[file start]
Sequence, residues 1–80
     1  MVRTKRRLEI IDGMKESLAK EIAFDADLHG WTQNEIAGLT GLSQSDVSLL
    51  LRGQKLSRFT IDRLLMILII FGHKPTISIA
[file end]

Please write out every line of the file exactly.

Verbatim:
Sequence, residues 1–80
     1  MVRTKRRLEI IDGMKESLAK EIAFDADLHG WTQNEIAGLT GLSQSDVSLL
    51  LRGQKLSRFT IDRLLMILII FGHKPTISIA